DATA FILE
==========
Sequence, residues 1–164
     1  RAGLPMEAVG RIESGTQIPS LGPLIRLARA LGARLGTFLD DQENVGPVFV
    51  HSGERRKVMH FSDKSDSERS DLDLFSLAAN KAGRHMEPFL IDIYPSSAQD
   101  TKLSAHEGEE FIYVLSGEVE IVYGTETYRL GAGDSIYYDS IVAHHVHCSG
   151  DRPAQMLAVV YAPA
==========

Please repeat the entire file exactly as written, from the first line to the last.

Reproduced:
Sequence, residues 1–164
     1  RAGLPMEAVG RIESGTQIPS LGPLIRLARA LGARLGTFLD DQENVGPVFV
    51  HSGERRKVMH FSDKSDSERS DLDLFSLAAN KAGRHMEPFL IDIYPSSAQD
   101  TKLSAHEGEE FIYVLSGEVE IVYGTETYRL GAGDSIYYDS IVAHHVHCSG
   151  DRPAQMLAVV YAPA